New BC Family Law Act + Caring For Children After Separation or Divorce


The movie Kramer v. Kramer about a just-separated father who must learn to care for his son on his own when his wife takes off, and then must fight in court to keep custody of his son when the mother returns and asks for sole custody, highlighted how much a child can become a pawn in a separation and divorce dispute and the flaw to the idea that one parent is better than two. With real life examples of that movie in separated families all across British Columbia, the new Family Law Act dramatically changes how the law treats children when their parents separate.

The new Family Law Act does not use the adversarial terms “custody” and “access” and replaces them with a new model of parenting after separation which prioritizes a child’s entitlement to proper parenting and meaningful time with each parent over a parent’s right to control the child’s upbringing and to control the child’s time with each parent.

Under the new BC Family Law Act, parents who have lived together after their child was born will be the child’s guardians until they agree otherwise or the court orders otherwise. A guardian has the power to appoint a person to act as guardian in the event of that guardian’s illness or death. 

A child’s guardian can include people other than the child’s parents.  Guardians have parental responsibilities in respect of child’s person and estate including the duty to raise the child, to make decisions about where the child lives and with whom the child spends time, and to make choices about the child’s health care, education, religion, assets and other key matters. Parental responsibilities can be divided equally or shared on unequal basis between guardians. The time a child is with a guardian is parenting time, and references in the legislation to parenting arrangements means arrangements made in respect of parental responsibilities and parenting time.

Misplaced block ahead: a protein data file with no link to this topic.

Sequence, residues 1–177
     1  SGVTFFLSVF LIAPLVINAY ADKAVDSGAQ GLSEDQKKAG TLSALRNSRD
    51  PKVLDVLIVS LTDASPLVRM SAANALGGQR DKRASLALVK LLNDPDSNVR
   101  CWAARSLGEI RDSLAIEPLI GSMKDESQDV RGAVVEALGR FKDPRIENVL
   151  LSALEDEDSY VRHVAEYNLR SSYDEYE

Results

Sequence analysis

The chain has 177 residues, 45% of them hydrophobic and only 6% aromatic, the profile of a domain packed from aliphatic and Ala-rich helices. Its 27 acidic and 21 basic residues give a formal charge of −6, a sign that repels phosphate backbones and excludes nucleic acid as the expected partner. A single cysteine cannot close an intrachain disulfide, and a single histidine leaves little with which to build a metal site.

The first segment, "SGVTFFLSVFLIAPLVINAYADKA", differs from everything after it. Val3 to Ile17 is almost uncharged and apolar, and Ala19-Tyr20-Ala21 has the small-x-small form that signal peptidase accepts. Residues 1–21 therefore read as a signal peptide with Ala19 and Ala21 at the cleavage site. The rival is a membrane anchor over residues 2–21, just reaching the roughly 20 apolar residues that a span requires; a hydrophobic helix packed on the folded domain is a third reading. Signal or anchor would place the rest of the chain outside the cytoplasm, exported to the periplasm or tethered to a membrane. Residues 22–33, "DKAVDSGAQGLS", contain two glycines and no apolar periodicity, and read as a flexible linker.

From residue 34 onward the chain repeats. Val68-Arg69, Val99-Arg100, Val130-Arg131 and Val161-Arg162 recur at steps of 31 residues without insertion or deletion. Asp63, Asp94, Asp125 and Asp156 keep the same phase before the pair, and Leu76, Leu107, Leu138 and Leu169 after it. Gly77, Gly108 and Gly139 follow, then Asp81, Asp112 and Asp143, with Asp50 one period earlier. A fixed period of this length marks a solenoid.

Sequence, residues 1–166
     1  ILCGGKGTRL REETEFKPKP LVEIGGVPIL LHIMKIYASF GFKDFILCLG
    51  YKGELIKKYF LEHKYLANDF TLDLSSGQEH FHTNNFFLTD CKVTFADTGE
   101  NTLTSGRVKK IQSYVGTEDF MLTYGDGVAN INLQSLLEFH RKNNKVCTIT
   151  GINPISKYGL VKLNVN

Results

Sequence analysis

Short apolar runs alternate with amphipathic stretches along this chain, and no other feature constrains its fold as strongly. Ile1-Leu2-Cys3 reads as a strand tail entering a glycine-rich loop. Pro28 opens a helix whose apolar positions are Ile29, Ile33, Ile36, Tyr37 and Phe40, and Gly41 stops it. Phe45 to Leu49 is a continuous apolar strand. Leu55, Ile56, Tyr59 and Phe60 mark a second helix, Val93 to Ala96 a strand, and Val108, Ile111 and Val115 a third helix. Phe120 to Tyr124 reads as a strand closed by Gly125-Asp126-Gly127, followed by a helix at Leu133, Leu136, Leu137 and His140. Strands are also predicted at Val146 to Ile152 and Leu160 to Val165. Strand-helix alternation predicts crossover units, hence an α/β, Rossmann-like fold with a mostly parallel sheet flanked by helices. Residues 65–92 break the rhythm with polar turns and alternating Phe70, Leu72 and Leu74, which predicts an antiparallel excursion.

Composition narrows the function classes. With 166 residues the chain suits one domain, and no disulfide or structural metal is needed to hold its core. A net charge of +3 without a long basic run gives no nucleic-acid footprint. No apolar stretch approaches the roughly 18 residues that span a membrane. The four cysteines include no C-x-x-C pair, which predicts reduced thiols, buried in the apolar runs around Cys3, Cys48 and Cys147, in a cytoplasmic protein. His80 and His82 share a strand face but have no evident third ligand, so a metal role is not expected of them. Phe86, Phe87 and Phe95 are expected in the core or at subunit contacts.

People who are not guardians, including parents who are not guardians, have contact with a child and do not have parental responsibilities. Parenting arrangements, which are really guardian parenting arrangements, do not include arrangements made in respect of contact by non-guardians.

The best interests of the child is the paramount consideration and the parent’s needs and wants will be a secondary consideration.  The list of factors that parents, family law professionals and courts must consider when making decisions about a child will grow significantly, and will include family violence and a presumption that a child’s view must be heard.


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